For decades, fascinating portraits of a young, pre-superstar, Andy Warhol sat unseen in a beaten-up cardboard box in the archives of Florida-based photographer John Kennedy. Just before Warhol’s fame hit the stratosphere, Kennedy took a portrait of the artist with what would become one of his most iconic works. It was just one of a series Kennedy worked on featuring artists who were building a name for themselves during the early 60s. (The series also included a shot of Warhol’s contemporary Robert India with his most famous work – the ‘LOVE’ logo). Now, these photographs - along with 50 other silver gelatin prints of Warhol, around 30 of India’s plus some of the artists’ original works - have just gone on show at the Site/109 gallery in Lower Manhattan.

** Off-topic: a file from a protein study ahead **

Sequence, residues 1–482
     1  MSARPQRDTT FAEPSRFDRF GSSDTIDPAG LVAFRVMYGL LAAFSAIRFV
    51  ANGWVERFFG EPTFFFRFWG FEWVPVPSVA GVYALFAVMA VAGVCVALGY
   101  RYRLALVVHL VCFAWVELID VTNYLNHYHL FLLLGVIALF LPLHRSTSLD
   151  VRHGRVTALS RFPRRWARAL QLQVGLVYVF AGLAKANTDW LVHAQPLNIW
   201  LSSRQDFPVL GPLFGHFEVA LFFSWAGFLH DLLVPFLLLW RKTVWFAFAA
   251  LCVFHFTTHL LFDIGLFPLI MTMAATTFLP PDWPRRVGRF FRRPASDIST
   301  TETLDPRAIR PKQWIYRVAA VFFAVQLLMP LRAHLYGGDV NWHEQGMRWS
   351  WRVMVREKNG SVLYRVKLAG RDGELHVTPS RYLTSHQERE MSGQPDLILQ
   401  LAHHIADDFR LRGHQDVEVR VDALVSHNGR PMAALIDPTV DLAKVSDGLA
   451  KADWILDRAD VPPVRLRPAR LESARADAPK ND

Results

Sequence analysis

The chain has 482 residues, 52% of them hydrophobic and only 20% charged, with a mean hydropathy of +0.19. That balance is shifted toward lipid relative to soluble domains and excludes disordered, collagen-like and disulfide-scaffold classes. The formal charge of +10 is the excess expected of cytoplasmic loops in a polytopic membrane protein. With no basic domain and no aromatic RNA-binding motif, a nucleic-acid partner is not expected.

One of Kennedy’s favourite rediscovered shots is of Warhol working at his famous Factory holding up a proof of a screen-printed portrait of Marilyn Monroe. “Piled up in the corner were 50-75 sheets of acetate,” recalls Kennedy, “Andy said ‘Those are proofs of my work’”. One of those sheets turned out to be the transparent proof of the face of Marilyn Monroe – you may have seen the finished product. . .
For more candid shots that offer an insight into the life of Andy Warhol, Phaidon's A Year in the Life of Andy Warhol is an exclusive photographic diary of Andy Warhol's life in 1964-5. Fans of Warhol may also be interested in Andy Warhol Portraits, which features the print of Warhol's Marilyn.
Sign-up to receive weekly updates from Phaidon: